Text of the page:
Predicting the direction of Bitcoin price is not gonna cut it with the world’s 2.7 billion gamers.
The use of blockchain in crypto-based games could be a hinderance to the adoption as well as an exciting unique selling point. Now, before you start taking up your decentralized pitchforks and demanding that I be immediately chased out of Blockland and never spoken of again, please let let me explain.
This is not a suggestion that blockchain games are bad, or that the addition of blockchain is detrimental to games. On the contrary, there are hardly any existing genre of game which couldn’t be greatly enhanced through the integration of blockchain elements.
From provable fairness and permanent immutable ledgers to true ownership, trading and play-to-earn, the possibilities that blockchain brings to gaming are (ahem) game-changing.
Being part of the industry, it’s hard not to be in the “blockchain and gaming are a match made in heaven” camp. And we all know how the story goes from there: if just a fraction of the worlds estimated 2.7 billion gamers discover the benefits of these newfangled blockchain games, and just a fraction of those go on to learn more about blockchain and cryptocurrency, the size of the crypto market goes up exponentially.
So if attracting gamers is good for crypto, why are so many blockchain developers content to target the existing crypto crowd?
What do crypto fans want in a game?
To highlight this, let’s take a look at the showings on offer at a recent BGA Game Demo Day, where a full three of the four games featured (CryptoPick, Trade Stars and Crypto Colosseum) revolved solely or heavily on either trading or prediction markets.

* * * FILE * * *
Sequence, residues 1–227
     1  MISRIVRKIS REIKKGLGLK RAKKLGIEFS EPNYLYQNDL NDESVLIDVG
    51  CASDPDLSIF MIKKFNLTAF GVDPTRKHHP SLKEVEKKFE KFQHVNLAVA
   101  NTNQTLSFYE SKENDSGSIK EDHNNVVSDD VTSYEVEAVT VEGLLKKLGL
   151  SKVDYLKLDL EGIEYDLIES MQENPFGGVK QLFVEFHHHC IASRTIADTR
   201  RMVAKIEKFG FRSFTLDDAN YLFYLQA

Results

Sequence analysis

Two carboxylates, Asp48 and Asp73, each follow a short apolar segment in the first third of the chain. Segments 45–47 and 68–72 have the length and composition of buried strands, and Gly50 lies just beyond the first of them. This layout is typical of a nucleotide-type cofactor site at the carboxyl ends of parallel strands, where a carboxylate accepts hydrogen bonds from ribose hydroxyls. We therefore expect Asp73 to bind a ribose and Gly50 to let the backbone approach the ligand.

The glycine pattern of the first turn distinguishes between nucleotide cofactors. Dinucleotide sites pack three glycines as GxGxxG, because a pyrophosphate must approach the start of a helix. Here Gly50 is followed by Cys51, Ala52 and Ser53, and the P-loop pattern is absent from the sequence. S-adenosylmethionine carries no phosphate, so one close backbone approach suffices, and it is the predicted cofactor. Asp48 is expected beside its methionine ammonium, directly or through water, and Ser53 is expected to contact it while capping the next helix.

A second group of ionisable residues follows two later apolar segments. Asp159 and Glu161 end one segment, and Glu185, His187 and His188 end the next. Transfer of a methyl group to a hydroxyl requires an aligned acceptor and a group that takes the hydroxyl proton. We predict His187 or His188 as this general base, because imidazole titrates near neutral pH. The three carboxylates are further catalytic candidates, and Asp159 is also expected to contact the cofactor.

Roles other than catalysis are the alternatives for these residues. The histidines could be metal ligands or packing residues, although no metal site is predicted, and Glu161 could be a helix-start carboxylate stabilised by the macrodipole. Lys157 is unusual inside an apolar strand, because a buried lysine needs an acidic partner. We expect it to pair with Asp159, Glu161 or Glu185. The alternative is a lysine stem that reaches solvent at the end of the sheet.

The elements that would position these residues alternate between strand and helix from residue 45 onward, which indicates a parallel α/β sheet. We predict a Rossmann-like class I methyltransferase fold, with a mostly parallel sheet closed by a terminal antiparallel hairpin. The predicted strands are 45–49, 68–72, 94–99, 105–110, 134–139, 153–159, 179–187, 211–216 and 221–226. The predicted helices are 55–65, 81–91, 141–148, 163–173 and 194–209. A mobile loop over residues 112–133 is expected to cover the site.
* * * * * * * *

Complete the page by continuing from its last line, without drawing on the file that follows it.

CryptoPick is literally just a prediction market based on whether a certain cryptocurrency will go up or down or which crypto will perform the best or worst over a particular time frame. Some may argue that does not really counts as a game? Isn’t that just playing the markets, but for “Pickies” instead of real money? No wait. You can customize your avatar with NFTs… Well that’s certain to tempt the gaming masses.
Moving on… Trade Stars is a collectible trading card game that allows players to buy and sell (or Trade) shares in the famous players (or Stars) of various sports… although currently just cricket.
Sports fans tend to enjoy this kind of thing and cricket is very popular in a number of countries around the world. However, the performance of the players has no bearing on the value of the shares, so this basically seems like random stock-picking… with cricketers.
Has anyone seen some gameplay lying around?
Crypto Colosseum came out fighting with its colours pinned firmly to its chest. According to the blurb it is: “A crypto game of degenerate gambling and whimsical violence.”